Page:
I've found one at address 410D2C. Press F4 and select Hex mode (or just press Enter key to do the same). Press Alt + F1 to switch from relative addresses to absolute. Once you've done it you'll get 1012C instead of memory address 410D2C.
Enter the decode mode by pressing enter or F4/Decode. Now hold on up key to scroll up till you see this part of the code:
000100BF : 8D45FC lea eax,[ebp][-0004] ; <= the place you are now 000100C2 : BA03000000 mov edx,000000003 000100C7 : E8C404FFFF call 000000590 000100CC : 8B45FC mov eax,[ebp][-0004] 000100CF : E8D404FFFF call 0000005A8 000100D4 : 50 push eax ; address of title of message box 000100D5 : 682C0D4100 push 000410D2C ; address of text in message box 000100DA : 6A00 push 000 ; handle of owner window 000100DC : E8EB08FFFF call 0000009CC ; MessageBoxA itself 000100E1 : 33C0 xor eax,eax 000100E3 : 5A pop edx 000100E4 : 59 pop ecx 000100E5 : 59 pop ecx 000100E6 : 648910 mov fs:[eax],edx 000100E9 : 68030D4100 push 000410D03 000100EE : 8D45F8 lea eax,[ebp][-0008] 000100F1 : BA02000000 mov edx,000000002 000100F6 : E85504FFFF call 000000550 000100FB : C3 retn ... skipped ... ;.................................................................. ; Attention! Below goes the disassemble of the code the part, where ; 'Evaluation version' strings lays. But here we'll need only ; five bytes of the mentioned string. Therefore you should treat ; below disassemble not as a string, but as a disassemble. That's ; because we're gonna use the space destined for the string as a ; piece of code, which will do what we want and then it will bring ; back the control to the point we need. Keep on reading and you'll ; understand what do I mean. ;.................................................................. 0001012C : 45 inc ebp ; 'E' <= the place you've found 0001012D : 7661 jbe 000010190 ; 'va' 0001012F : 6C insb ; 'l' 00010130 : 7561 jne 000010193 ; 'ua' 00010132 : 7469 je 00001019D ; 'ti' 00010134 : 6F outsd ; 'o' 00010135 : 6E outsb ; 'n'The main idea is that you ought to avoid the MessageBox call at address 100DC. How to do this? Let's ask Windows API help about that. It says next:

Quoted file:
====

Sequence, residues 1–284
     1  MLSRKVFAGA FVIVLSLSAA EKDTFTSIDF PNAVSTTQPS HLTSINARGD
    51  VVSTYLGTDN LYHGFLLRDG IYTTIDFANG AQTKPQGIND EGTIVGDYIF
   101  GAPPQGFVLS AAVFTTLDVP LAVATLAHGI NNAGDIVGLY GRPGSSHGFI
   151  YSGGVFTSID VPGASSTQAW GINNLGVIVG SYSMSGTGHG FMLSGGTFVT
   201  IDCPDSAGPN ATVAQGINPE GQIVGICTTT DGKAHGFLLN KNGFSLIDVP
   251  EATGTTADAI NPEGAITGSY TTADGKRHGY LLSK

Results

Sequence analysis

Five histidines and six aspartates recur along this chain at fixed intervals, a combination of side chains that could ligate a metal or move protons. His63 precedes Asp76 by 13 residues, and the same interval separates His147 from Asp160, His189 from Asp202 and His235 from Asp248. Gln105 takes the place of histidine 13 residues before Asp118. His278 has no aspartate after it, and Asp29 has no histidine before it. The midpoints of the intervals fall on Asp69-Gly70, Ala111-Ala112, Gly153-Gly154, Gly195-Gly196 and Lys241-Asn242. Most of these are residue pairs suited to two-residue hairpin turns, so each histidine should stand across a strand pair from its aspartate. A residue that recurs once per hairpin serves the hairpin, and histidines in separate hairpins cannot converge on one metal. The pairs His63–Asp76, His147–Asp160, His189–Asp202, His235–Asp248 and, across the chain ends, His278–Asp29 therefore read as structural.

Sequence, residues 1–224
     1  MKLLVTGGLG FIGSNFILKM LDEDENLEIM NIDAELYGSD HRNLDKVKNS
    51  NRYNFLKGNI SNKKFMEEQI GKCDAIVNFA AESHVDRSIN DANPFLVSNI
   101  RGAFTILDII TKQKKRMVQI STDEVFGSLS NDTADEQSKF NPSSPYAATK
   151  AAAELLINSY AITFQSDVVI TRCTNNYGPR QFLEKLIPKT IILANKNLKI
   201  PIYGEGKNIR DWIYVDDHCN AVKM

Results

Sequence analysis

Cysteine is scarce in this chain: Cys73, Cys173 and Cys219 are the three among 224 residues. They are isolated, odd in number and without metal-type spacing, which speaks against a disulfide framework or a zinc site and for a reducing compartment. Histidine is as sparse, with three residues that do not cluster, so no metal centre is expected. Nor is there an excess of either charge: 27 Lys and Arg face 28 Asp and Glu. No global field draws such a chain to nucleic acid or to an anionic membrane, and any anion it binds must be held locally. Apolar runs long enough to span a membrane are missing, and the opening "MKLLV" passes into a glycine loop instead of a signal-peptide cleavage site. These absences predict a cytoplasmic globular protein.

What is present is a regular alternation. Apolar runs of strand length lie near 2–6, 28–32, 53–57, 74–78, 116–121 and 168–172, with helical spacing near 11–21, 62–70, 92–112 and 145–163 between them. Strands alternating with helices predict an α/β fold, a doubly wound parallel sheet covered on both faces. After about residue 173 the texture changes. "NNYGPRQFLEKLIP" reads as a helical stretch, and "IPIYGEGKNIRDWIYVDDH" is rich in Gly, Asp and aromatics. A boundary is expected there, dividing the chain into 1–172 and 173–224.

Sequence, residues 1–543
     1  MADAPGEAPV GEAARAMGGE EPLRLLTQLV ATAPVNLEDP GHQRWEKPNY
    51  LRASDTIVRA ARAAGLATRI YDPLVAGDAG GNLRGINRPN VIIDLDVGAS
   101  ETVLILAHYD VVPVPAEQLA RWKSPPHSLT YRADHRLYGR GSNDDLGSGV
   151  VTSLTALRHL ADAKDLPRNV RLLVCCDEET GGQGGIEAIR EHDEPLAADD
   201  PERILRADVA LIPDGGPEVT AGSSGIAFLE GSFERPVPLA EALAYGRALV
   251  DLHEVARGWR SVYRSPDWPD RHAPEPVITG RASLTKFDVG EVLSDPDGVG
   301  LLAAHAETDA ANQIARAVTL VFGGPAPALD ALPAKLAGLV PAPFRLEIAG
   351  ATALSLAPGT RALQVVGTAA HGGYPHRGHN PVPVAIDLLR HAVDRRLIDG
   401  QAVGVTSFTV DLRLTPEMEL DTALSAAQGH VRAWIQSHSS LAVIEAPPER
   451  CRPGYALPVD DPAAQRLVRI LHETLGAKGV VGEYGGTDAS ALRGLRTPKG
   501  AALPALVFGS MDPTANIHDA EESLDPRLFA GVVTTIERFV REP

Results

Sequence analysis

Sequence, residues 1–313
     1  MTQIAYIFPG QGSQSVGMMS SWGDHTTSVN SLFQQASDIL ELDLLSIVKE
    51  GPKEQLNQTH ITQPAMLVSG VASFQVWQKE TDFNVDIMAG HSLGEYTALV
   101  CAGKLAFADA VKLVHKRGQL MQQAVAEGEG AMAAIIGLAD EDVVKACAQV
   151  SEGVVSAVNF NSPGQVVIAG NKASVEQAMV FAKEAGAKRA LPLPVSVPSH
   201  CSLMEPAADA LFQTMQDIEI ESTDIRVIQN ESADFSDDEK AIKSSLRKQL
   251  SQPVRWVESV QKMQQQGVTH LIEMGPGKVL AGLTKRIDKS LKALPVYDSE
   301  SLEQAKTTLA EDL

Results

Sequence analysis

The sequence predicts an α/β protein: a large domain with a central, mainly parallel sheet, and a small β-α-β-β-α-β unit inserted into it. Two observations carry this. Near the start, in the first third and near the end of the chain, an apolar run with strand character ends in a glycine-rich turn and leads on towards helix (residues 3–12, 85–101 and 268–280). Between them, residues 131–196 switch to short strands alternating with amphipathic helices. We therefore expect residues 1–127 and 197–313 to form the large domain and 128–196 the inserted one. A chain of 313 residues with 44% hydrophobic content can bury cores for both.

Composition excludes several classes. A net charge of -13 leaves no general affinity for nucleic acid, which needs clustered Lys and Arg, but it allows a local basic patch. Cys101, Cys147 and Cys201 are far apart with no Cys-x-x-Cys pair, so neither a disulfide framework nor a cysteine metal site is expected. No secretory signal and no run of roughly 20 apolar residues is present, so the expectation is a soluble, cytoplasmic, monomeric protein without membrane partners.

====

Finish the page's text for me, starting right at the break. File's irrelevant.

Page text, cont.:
int MessageBox( HWND hWnd, // handle of owner window LPCTSTR lpText, // address of text in message box LPCTSTR lpCaption, // address of title of message box UINT uType // style of message box );Ok, now we know that MessageBox has 4 parameters. Now look again at the next piece of the code.
000100CF : E8D404FFFF call 0000005A8 000100D4 : 50 push eax ; address of title of message box 000100D5 : 682C0D4100 push 000410D2C ; address of text in message box 000100DA : 6A00 push 000 ; handle of owner window 000100DC : E8EB08FFFF call 0000009CC ; MessageBoxA itself 000100E1 : 33C0 xor eax,eax
As you can see there're only 3 parameters which will be passed to MessageBox function. According to help there should be another one parameter before those three. But there's no such one, because instead of it there's a call at address 100CF.